Recycling center may stop servicing Leon County and City of Tallahassee

Marpan Recycling currently processes the area's recycled items, but the company is telling both governments the single-stream system is no longer economically viable.

By: Monica Casey | WCTV Eyewitness News
January 28, 2020

TALLAHASSEE, Fla. (WCTV) — Recycling in Tallahassee and Leon County could be in trouble. Marpan Recycling currently processes the area's recycled items, but the company is telling both governments the single-stream system is no longer economically viable.

This is an issue many communities have faced across the nation, including Bainbridge in Georgia.

Although there are a lot of factors at play, one of the most important is China's decision back in 2018 to stop buying single-stream recycling materials from the U.S.

That decision has put a major economic strain on the market in local communities.

In Marpan's letter to both governments, President and CEO Kim Williams writes, "With the markets continuing to deteriorate, Marpan Recycling does not have the ability to continue absorbing the losses and will be forced to cease operations and terminate our contract due to circumstances beyond our control."

The letter also states: "It's clear the cost of recycling now outpaces the cost of disposal, but I believe our community must remain committed to recycling."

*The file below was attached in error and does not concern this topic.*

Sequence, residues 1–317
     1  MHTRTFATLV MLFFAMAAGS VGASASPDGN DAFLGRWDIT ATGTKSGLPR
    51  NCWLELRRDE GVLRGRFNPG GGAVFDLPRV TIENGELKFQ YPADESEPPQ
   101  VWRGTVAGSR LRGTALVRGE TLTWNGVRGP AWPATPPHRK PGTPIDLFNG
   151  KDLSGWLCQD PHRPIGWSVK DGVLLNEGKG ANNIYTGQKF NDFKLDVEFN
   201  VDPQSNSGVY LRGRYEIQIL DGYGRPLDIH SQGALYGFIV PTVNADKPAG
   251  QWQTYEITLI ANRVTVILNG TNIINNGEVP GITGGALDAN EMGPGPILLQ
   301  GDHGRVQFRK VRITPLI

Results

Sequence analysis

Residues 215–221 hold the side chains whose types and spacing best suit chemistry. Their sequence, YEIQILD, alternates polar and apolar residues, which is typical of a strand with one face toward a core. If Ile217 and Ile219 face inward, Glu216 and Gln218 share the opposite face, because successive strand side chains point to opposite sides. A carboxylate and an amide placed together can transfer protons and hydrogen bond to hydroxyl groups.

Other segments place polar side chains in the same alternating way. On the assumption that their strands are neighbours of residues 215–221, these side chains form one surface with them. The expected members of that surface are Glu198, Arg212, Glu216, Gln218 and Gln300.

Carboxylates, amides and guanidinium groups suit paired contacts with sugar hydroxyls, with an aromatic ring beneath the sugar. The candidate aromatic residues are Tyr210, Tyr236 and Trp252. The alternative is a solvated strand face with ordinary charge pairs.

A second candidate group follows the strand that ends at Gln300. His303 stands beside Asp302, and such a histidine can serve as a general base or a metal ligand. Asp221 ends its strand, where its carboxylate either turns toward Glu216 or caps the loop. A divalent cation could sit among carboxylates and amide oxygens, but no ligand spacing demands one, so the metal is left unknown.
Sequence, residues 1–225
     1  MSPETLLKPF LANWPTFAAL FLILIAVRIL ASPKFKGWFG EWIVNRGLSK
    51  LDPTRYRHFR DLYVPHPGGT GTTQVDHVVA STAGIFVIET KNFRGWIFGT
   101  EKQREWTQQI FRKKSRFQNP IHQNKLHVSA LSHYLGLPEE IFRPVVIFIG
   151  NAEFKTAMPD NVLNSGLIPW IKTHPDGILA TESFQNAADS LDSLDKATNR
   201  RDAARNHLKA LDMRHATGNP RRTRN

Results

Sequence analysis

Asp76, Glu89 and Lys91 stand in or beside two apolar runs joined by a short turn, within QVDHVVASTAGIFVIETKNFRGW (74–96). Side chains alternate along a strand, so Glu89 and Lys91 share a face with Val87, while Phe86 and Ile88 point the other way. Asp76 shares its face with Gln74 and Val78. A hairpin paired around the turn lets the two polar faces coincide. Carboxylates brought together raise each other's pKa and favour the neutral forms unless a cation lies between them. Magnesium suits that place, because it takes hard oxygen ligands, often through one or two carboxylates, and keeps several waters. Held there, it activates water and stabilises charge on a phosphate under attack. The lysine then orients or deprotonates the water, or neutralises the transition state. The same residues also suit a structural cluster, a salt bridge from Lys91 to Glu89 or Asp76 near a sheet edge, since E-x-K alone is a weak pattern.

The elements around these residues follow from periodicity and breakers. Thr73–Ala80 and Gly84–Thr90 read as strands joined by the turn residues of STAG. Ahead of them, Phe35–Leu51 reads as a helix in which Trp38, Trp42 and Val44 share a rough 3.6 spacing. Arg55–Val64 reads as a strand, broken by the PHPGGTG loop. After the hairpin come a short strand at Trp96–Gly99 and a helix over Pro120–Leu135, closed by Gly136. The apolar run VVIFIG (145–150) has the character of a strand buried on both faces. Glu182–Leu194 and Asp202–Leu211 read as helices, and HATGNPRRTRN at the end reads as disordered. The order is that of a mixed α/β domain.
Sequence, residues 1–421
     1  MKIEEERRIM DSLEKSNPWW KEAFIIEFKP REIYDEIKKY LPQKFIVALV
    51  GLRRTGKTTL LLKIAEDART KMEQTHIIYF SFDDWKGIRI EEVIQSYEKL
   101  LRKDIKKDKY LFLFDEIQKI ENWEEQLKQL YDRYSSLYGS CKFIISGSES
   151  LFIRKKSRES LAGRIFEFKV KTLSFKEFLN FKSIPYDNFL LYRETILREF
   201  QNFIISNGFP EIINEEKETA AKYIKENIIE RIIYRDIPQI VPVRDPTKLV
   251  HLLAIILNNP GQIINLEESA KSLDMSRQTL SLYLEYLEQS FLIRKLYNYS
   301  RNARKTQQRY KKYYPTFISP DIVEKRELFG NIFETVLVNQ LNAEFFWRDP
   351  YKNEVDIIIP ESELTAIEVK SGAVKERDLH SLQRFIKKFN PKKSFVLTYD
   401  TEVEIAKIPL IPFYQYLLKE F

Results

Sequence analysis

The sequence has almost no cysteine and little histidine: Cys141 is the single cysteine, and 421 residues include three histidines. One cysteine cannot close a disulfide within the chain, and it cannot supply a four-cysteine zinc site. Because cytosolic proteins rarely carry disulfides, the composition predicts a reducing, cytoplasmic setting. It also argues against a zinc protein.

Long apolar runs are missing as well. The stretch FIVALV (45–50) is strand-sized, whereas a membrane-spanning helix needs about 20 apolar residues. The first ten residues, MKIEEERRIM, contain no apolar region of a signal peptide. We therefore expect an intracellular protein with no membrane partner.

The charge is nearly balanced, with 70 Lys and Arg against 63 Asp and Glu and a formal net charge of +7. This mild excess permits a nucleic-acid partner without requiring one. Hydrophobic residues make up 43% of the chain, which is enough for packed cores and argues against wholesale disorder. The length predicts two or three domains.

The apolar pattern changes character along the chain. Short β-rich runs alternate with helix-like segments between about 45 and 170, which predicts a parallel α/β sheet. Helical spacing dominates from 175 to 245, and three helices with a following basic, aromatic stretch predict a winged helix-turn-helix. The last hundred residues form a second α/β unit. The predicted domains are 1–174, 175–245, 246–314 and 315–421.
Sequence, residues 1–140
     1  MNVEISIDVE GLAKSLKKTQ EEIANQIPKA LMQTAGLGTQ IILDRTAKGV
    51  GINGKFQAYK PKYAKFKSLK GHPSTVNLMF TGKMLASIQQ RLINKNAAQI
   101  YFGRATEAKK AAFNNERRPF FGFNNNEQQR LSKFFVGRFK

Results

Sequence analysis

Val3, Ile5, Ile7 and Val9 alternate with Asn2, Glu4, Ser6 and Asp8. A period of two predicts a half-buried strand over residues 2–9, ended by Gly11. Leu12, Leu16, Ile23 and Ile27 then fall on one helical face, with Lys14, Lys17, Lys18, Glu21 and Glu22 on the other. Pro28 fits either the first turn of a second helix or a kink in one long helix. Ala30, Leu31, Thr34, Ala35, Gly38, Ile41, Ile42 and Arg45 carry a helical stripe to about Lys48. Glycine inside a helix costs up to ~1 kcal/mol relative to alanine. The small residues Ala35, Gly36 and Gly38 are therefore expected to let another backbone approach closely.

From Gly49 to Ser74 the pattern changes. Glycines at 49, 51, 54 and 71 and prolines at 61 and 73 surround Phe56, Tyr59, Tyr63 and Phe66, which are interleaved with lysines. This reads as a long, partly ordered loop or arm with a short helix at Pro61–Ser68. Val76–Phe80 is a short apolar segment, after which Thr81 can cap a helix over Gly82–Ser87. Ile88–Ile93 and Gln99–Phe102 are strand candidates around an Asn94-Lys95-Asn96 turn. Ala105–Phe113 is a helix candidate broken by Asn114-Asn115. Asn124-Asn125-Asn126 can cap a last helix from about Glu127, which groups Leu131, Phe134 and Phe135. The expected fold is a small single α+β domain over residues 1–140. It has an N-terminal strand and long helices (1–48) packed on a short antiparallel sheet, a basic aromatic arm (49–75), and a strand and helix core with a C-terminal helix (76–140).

Marpan Recycling has offered to continue its current city and county service for a year. As both governments look at solutions, City Manager Reese Goad says he's confident the Commission will listen to the community about the importance of sustainability.

"Some communities in fact, are going away from recycling entirely. They're simply landfilling their recyclable materials," Goad says. "And I can tell you that the people I've talked to, our neighbors, our
citizens have said, 'We want to recycle. We want you to find a way to recycle.'"

Both the city and the county are considering hiring a consultant to study the economic situation surrounding recycling and options to continue the practice in the community; the municipalities would split that cost.

The local governments are looking into every possible solution.

"That could range from trucking, shipping our recyclables further, that could be a public venture into a recycling processor, or it could even venture into an energy type production using recyclables, we want to be fully informed of all of our long-term options," said Goad.

The issue is on the agenda of upcoming meetings for both governments: the County Commission is slated to discuss it Tuesday night, while the City Commission will take it up Wednesday night.

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